JPMorgan Chase to achieve operational carbon neutrality starting in 2020, adopts Paris-aligned financing commitment

The company is adopting a financing commitment that is aligned to the goals of the Paris Agreement


KEY POINTS
  • The company is adopting a financing commitment that is aligned to the goals of the Paris Agreement.
  • Help clients navigate the challenges and capitalize on the long-term economic and environmental benefits of transitioning to a low-carbon world.

New York — JPMorgan Chase & Co. said that it is adopting a financing commitment that is aligned to the goals of the Paris Agreement (“Paris”). As part of its strategy, the Firm intends to help clients navigate the challenges and capitalize on the long-term economic and environmental benefits of transitioning to a low-carbon world.



“Climate change is a critical issue of our time. The goals set in the Paris Agreement are commendable and ambitious, but the world is not on track to meet them,” said Daniel Pinto, co-President of JPMorgan Chase and CEO of its Corporate & Investment Bank. “While the world has a long way to go, we at JPMorgan Chase want to do more. That means working with clients, policymakers, and advocates to transition our economy and turn the goals of Paris into a reality.”

The Climate Challenge

While a growing number of companies have been working to align their business strategies to the goals of the Paris Agreement, significant challenges exist. This includes a lack of comprehensive and high-quality greenhouse gas (“GHG”) emissions data, as well as the need for robust policy solutions and new technologies.

The International Energy Agency has noted that one-third of the emission reductions needed in its Paris-aligned Sustainable Development Scenario will have to come from technologies that are not yet commercially available. While the use of lower-carbon technology is growing within the electric power and automotive sectors, currently there are not adequate commercially available solutions to replace oil and natural gas in critical applications such as long-distance transportation and heavy industry. As a result, these resources will continue to play a significant role as sources of energy.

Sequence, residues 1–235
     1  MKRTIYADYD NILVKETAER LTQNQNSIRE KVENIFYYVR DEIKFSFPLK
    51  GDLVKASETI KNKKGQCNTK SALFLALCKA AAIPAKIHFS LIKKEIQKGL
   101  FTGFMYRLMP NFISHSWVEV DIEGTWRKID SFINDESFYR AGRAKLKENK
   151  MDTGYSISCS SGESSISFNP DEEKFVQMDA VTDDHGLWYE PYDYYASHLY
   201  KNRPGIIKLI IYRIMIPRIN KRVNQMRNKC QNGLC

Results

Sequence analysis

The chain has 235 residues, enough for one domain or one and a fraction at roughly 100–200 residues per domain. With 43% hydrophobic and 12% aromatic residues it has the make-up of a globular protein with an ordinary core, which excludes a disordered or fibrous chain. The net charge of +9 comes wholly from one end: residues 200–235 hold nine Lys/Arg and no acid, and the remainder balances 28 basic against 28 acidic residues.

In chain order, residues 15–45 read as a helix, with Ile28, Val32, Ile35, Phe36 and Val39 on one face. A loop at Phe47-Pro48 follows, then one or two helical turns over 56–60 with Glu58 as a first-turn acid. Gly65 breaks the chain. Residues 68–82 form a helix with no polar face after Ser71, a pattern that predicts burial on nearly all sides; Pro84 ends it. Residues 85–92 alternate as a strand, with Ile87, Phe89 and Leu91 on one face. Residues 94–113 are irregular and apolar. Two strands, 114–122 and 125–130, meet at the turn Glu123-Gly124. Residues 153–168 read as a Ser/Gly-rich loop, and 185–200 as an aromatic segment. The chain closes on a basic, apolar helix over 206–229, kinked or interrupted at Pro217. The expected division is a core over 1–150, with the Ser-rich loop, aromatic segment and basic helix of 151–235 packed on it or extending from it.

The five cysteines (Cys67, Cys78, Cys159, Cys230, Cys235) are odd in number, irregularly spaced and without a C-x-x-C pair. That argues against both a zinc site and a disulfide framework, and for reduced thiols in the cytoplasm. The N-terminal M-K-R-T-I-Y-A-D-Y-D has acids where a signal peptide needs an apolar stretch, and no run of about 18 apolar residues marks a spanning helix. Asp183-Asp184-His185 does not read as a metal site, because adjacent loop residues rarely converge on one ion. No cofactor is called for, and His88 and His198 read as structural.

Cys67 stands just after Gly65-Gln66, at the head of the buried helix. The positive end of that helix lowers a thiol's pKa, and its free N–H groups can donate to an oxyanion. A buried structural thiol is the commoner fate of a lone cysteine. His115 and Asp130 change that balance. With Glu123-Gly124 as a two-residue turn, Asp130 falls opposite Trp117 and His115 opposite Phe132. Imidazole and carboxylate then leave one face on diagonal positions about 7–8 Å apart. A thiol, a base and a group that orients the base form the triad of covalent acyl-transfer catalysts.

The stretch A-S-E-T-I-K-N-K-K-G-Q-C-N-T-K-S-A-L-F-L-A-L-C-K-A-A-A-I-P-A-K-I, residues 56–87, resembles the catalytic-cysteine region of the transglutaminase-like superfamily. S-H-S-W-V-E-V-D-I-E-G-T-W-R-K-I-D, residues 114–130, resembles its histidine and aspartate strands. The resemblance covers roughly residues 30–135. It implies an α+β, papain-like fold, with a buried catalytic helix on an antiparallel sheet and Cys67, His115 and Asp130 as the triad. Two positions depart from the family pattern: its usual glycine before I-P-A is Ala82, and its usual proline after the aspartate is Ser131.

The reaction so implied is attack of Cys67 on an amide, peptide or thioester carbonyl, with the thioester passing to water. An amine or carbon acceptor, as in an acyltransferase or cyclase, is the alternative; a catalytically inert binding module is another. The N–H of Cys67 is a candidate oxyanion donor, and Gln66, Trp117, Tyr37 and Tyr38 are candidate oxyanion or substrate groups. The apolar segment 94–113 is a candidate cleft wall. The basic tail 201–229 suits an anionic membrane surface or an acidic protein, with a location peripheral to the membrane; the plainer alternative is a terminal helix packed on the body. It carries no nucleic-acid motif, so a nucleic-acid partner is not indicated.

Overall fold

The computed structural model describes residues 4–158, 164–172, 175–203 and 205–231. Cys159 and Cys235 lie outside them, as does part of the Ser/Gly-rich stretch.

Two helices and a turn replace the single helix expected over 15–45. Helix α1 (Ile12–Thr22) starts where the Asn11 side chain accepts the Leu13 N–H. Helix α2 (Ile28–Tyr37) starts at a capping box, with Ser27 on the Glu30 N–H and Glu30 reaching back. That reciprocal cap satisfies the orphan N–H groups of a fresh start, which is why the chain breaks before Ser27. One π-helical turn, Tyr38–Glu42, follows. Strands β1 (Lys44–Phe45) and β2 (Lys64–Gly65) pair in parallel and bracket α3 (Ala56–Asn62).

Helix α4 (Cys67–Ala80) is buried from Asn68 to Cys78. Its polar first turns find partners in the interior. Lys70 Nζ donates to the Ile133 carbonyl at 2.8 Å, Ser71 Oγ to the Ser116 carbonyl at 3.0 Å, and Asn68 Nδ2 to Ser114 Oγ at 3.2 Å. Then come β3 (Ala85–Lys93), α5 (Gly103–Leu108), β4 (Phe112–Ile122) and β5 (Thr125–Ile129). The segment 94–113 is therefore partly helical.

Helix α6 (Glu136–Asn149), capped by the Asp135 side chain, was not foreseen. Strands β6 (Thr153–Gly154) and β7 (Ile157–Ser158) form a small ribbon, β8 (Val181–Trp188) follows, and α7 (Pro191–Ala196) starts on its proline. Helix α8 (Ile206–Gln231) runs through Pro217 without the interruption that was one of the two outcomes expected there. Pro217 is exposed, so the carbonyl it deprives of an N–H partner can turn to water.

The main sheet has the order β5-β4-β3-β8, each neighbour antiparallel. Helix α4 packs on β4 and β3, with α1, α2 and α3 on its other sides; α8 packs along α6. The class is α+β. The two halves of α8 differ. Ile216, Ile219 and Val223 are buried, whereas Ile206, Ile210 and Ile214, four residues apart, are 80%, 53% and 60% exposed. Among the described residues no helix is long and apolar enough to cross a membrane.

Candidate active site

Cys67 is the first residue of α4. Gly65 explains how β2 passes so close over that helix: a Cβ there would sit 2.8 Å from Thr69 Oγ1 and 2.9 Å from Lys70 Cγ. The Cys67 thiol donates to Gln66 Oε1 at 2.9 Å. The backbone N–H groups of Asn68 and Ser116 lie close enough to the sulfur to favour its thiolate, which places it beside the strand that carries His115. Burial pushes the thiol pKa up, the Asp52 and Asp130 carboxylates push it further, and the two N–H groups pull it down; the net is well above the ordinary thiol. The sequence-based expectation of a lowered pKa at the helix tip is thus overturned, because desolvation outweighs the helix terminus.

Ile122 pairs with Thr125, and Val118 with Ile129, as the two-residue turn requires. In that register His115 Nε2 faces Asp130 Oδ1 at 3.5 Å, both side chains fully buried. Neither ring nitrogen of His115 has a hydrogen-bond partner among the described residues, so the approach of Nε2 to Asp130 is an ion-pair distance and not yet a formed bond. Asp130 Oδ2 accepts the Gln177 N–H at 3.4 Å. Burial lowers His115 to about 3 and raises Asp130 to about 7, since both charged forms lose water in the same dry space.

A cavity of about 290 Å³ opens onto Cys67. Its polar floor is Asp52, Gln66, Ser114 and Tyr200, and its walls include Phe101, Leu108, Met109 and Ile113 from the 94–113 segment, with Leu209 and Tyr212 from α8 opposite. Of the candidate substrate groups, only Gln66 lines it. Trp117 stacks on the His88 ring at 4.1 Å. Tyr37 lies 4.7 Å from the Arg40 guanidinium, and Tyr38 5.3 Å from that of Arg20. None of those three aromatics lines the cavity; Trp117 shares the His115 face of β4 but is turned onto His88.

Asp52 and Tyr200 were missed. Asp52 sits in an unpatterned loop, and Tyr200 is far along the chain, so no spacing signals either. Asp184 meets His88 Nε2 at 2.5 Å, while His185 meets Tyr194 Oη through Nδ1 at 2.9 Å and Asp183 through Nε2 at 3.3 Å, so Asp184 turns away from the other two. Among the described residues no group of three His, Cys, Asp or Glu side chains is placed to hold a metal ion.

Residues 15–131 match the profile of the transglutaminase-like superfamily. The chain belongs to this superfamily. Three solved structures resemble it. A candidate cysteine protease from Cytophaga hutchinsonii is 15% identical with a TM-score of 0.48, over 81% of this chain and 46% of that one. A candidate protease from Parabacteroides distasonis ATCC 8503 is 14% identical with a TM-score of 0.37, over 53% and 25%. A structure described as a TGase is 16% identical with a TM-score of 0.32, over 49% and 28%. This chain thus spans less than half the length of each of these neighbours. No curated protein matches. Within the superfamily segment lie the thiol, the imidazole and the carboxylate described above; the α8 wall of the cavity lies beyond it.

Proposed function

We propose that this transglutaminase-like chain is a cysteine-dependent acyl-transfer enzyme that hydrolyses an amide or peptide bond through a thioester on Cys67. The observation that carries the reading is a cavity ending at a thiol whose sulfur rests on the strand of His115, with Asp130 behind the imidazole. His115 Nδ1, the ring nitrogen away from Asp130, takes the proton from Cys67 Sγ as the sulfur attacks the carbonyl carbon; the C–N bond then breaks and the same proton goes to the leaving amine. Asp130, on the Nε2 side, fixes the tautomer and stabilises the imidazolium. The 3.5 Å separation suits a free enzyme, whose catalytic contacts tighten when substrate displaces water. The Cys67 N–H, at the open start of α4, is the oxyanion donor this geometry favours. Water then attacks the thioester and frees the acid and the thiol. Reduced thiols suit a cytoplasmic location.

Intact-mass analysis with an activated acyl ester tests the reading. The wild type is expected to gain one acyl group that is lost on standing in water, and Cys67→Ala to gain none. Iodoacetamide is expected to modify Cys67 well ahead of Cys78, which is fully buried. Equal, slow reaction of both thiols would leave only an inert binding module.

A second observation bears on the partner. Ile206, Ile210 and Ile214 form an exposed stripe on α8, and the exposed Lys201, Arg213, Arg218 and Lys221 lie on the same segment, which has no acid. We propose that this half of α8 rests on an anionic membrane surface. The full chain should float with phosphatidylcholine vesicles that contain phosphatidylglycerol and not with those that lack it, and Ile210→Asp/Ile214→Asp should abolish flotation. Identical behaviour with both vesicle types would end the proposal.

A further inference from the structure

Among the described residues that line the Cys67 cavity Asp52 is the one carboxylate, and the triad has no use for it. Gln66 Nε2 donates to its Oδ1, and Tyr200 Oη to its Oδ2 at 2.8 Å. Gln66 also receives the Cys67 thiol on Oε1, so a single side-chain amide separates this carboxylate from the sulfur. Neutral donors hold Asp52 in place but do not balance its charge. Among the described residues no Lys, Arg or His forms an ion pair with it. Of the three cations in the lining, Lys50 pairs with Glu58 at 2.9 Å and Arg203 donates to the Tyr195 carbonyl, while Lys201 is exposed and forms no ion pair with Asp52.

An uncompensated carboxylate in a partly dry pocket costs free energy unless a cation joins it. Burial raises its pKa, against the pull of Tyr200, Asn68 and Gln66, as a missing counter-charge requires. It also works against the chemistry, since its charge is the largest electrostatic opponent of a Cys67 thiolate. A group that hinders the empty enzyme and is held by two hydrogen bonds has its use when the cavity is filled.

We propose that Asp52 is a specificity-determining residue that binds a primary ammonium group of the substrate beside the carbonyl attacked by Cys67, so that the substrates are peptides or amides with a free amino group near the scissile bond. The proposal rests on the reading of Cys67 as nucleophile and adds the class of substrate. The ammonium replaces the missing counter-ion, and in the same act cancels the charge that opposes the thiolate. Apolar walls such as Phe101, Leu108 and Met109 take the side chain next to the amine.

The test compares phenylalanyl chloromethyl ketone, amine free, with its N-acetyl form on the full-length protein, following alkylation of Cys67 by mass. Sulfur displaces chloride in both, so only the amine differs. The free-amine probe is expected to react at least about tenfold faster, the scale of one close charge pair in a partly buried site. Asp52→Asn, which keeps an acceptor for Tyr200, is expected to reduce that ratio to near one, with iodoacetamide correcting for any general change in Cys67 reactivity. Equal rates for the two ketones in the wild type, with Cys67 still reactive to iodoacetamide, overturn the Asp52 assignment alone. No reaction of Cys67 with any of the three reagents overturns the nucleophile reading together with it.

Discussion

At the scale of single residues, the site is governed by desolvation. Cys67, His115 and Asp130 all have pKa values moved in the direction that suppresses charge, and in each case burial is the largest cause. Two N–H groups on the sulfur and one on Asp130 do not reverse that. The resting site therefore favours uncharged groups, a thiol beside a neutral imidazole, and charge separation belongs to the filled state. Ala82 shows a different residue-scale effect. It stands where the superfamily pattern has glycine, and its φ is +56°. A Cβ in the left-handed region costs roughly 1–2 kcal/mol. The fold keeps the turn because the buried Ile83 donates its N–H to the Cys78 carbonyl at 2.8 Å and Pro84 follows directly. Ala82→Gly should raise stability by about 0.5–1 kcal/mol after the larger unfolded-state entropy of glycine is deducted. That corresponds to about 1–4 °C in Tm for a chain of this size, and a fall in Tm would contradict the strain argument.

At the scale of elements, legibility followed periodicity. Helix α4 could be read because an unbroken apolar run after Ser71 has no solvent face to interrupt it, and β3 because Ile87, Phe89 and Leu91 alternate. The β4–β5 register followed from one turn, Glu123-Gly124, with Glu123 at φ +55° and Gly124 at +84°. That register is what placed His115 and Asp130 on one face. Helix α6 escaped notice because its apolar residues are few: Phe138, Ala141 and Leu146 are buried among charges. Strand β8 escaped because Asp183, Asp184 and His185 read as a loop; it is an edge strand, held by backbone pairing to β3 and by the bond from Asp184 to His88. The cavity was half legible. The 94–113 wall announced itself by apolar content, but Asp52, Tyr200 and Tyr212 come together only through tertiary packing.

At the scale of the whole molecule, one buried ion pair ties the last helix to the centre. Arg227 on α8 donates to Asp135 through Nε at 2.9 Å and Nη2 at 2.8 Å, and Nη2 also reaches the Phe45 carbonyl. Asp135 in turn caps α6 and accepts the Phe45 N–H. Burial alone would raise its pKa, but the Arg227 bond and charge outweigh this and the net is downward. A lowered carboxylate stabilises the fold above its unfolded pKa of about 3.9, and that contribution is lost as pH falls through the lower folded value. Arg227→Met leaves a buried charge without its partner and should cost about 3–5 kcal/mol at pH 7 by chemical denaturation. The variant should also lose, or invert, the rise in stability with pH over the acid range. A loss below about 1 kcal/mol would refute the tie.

JPMorgan Chase plans to help tackle these challenges by working with clients in key sectors to align its financing activities with the goals of Paris.

A Commitment to Paris

The Paris Agreement aims to hold the increase in global average temperature to well below 2 degrees Celsius above pre-industrial levels, and ideally, to 1.5 degrees Celsius – which would require the world to achieve net-zero emissions by 2050.

As part of its commitment, JPMorgan Chase will establish intermediate emission targets for 2030 for its financing portfolio and begin communicating about its efforts in 2021. The Firm will focus on the oil and gas, electric power and automotive manufacturing sectors and set targets on a sector-by-sector basis.

Over time, JPMorgan Chase will aim to support companies to advance the goals of Paris, including reducing GHG emissions and expanding investment in low- and zero-carbon energy sources and technologies. The Firm recognizes that significant changes in policy and the creation of new technologies will ultimately be required to reach net-zero emissions by 2050, particularly in those industrialized sectors that today lack alternatives. To that end, JPMorgan Chase will continue to advocate for market-based policy solutions, including a price on carbon, and the commercialization of new technologies that can help advance deep decarbonization.